The Constitution’s very specific list of inviolable human rights sets the United States apart from almost every other nation on Earth.
Unfortunately, California’s Democratic politicians tend to ignore the Constitution’s Bill of Rights in their zealous efforts to impose “progressive” dogma on their constituents.
Periodically, therefore, federal judges must remind them that Californians are also American citizens who must have their constitutional rights, even unpopular or politically incorrect ones, respected.
It happened twice last year.
First, the U.S. Supreme Court overturned a California law requiring clinics offering non-abortion alternative services to pregnant women to post notices telling them about the availability of abortions.
“By compelling petitioners to speak a particular message, it alters the content of (their) speech” and thus violates a previously enunciated judicial principle, the majority opinion declared.
Just days later, the Supreme Court did it again, ruling 5-4 that laws in California and other states requiring non-members to pay union dues, a practice known as “agency shop,” violate “the free speech rights of nonmembers by compelling them to subsidize private speech on matters of substantial public concern.”
Last week, federal Judge Roger Benitez invalidated a California law (Penal Code Section 32310) that makes it illegal to sell or even possess firearms magazines holding more than 10 rounds, the latter provision added by a 2016 ballot measure sponsored by Gov. Gavin Newsom when he was lieutenant governor. The law, Benitez declared, violates the Constitution’s right to “keep and bear arms.”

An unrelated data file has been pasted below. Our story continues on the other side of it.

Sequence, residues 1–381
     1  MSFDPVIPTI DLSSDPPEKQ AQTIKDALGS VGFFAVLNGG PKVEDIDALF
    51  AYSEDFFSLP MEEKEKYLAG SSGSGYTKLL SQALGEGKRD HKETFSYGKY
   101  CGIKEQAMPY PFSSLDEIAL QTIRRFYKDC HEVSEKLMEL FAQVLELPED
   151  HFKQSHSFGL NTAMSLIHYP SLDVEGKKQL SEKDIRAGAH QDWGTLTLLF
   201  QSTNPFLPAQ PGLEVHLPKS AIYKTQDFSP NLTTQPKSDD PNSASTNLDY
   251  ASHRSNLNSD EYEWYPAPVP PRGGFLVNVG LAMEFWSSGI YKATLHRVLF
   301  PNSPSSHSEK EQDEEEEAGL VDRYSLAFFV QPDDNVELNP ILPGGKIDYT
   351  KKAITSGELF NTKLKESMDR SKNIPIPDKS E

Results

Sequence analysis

“California’s law prohibiting acquisition and possession of magazines able to hold any more than 10 rounds places a severe restriction on the core right of self-defense of the home such that it amounts to a destruction of the right and is unconstitutional under any level of scrutiny,” Benitez wrote in his 86-page decision.
The judge sliced and diced every argument that Attorney General Xavier Becerra offered to defend the prohibition, declaring that Becerra offered no credible evidence that the law would make Californians safer.
“Where are the actual police investigation reports?” he asked. “The attorney general, California’s top law enforcement officer, has not submitted a single official police report of a shooting. Instead, the attorney general relies on news articles and interest group surveys. Federal constitutional rights are being subjected to litigation by inference about whether a pistol or a rifle in a news story might have had an ammunition magazine that held more than 10 rounds.”
Becerra will probably try to overturn Benitez’s ruling on appeal, and the case may eventually wind up in the U.S. Supreme Court, but Benitez repeatedly cited the court’s previous gun rights rulings as a basis for his decision, implying that the state has little chance of succeeding.
So, having seen their abridgments of constitutional rights slapped down, will California’s politicians become more judicious?
They should, but Becerra himself ventured very close recently to violating the right to a free press by demanding that UC-Berkeley’s Investigative Reporting Program return or destroy records of police misconduct that it obtained via a Public Records Act request.
Becerra warned that “unauthorized receipt or possession” of the data is a misdemeanor, and added, “If you do not intend to comply with our request, the department can take legal action.”
That smacks of the “prior restraint” case that the New York Times won in 1971 regarding publication of a secret military history of the Vietnam War known as the “Pentagon Papers.”
Becerra should know better than to threaten journalists, but then as the firearms ammunition case showed, he’s somewhat tone deaf on constitutional rights.